November 16 - December 17, 2017
Opening reception: Friday, November 17, 6-8pm
First Thursday Gallery Walk: December 7, 6-8PM
Seeing Things focuses on the artistic deconstruction of racial and ethnic profiling. Through video and conceptual installations and social sculptures, Ann Stoddard is inquiring: Are we seeing things? Is our vision warped by implicit bias? Can art and technology increase empathy?
Public space is open and borderless, with layered contexts and contradictory points of view. The “SEEING THINGS” series responds to the profiling of and violence against Black men, and to the banning and profiling of Muslims. “SEEING THINGS”- installations, social sculptures, videos- proposes the artistic deconstruction of racial and ethnic profiling, and asks viewers: Are we seeing things? Is our vision warped by implicit bias? Can art and technology increase empathy?
Video installation social sculptures offer an interactive approach to video portraiture, evoking a wired public space context, combining conceptual art with a collective spirit, - electronics with a low-tech sensibility. Mirroring default white privilege, “ColorBlind” reframes the viewer via 11 micro-video cameras/ monitors housed in hoodie sweatshirts arranged by ‘grey scale’, from white (hands-down) to black (hands-up). Micro-video cameras ‘watch the watchers’, inviting viewers to explore the relationship between his/her live screen image and racial profiling. Similarly endowed with 10 arms, 11 cameras/ monitors, “Black Angel” suggests a stop-action “hands up” response to a police order. Micro-video cameras reframe viewers in the context of monitors housed in black/ brown/tan/ beige hoodies; sweatshirt order is calibrated by skin tone and probability of being racially profiled. “Black Angel” is intended to encourage empathy by reverse perspective, referencing Black victims of racial violence, Shiva, Jesus. Micro-video cameras elevate the viewer’s role while empowering the profiling ‘target’, reversing expectations of ‘who’s profiling whom?’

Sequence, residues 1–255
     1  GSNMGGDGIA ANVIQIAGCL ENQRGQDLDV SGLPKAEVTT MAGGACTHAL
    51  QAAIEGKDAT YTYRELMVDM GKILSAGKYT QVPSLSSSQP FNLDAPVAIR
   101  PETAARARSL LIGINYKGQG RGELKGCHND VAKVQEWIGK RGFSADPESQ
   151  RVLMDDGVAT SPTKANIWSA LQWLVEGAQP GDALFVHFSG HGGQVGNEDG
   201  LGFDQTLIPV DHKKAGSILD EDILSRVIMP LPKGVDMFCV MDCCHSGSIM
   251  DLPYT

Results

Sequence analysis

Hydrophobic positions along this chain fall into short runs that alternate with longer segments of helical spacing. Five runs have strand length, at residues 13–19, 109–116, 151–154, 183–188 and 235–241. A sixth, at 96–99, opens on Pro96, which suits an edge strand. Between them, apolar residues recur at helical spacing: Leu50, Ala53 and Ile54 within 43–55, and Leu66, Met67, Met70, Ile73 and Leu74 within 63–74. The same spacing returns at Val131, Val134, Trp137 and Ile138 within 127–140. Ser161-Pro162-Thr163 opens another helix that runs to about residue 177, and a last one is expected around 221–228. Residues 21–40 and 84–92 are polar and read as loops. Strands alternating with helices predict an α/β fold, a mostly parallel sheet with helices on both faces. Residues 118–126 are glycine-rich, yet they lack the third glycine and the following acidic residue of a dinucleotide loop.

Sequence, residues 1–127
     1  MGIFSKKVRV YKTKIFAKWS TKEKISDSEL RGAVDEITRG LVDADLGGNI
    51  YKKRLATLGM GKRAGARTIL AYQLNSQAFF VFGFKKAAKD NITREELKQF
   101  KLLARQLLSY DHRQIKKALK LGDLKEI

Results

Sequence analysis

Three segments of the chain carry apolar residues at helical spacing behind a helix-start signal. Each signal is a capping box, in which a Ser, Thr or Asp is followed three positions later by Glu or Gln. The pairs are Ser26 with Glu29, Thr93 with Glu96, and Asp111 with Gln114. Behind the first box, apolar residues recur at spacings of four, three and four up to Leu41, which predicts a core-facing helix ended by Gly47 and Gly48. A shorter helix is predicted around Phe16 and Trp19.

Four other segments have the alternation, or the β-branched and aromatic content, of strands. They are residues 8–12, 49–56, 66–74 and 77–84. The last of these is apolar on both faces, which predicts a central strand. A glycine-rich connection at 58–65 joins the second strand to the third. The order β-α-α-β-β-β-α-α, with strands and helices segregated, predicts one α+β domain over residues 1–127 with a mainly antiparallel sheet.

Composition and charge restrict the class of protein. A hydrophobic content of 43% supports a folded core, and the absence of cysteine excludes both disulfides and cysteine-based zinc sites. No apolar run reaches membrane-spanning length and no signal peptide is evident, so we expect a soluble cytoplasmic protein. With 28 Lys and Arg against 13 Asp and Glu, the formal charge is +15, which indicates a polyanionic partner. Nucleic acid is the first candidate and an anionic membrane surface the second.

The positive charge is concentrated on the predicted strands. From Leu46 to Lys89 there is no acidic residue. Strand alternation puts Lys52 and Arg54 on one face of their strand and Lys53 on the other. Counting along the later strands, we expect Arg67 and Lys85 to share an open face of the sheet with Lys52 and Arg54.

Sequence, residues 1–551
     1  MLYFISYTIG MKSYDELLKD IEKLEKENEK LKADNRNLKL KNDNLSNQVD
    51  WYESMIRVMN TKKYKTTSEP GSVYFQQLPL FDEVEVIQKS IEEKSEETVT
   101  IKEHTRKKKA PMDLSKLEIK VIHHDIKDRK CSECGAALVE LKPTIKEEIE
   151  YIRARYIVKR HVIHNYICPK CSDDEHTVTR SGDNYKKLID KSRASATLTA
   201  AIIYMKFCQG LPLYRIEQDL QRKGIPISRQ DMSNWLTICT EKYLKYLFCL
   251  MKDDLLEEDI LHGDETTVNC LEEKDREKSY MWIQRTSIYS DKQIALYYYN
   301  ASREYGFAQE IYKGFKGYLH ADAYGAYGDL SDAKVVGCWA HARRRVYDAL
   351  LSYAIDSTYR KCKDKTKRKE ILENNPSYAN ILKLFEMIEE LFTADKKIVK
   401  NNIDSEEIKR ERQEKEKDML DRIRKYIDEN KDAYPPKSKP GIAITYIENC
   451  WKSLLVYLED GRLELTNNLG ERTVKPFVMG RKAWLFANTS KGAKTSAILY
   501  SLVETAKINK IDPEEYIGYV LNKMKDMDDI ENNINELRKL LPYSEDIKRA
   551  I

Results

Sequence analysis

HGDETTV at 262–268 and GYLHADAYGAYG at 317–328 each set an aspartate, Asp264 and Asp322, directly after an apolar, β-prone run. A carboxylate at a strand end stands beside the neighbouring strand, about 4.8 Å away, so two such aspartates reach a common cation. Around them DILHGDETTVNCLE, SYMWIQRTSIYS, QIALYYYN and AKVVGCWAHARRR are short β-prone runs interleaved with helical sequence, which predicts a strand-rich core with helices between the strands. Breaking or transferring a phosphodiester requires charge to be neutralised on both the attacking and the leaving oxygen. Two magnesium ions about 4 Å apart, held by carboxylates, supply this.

Works responding to systemic post-9/11 ethnic profiling of Muslims are informed by living and teaching in Morocco, a Catholic girlhood, instruction in embroidery and sewing, and activism. The 4-channel video installation “Seeing Things, Headscarf” displays random juxtapositions of a woman donning a scarf in a black-and-white quad-screen video, conceptual art and fashion transcending stereotypes: What’s the big deal about headscarves? Who decides when scarves are fashion, when they signify devotion, - repression? Riffing on the popular video "100 ways to tie a scarf", “Seeing Things, Headscarf” sources include Audrey Hepburn wearing scarf-and-sunglasses in "Charade", Hijab, bridal veils, the Virgin Mary.
“BARED THREADS” [installation] is a faux store display of veils with subversive textual reinscriptions. Bold crimson embroidery (artist’s) reveals commonalities of fashion across cultures in a post-9/11 context of ethnic profiling. “Kemar” (face veil) is inscribed in flowing Arabic across a Western ‘fingertip’ wedding veil, while a white Hijab reads “Fingertip Veil.” “Headscarf” is scrolled across the black Hijab, while “Hijab” is inscribed in Arabic across a nun’s veil. Reverse labeling challenges traditional Western assumptions and implies awkward questions: How does a Western wedding veil covering the face differ from a burqa or niqab? Who decides when veils are fashion statements, when veils signify repression?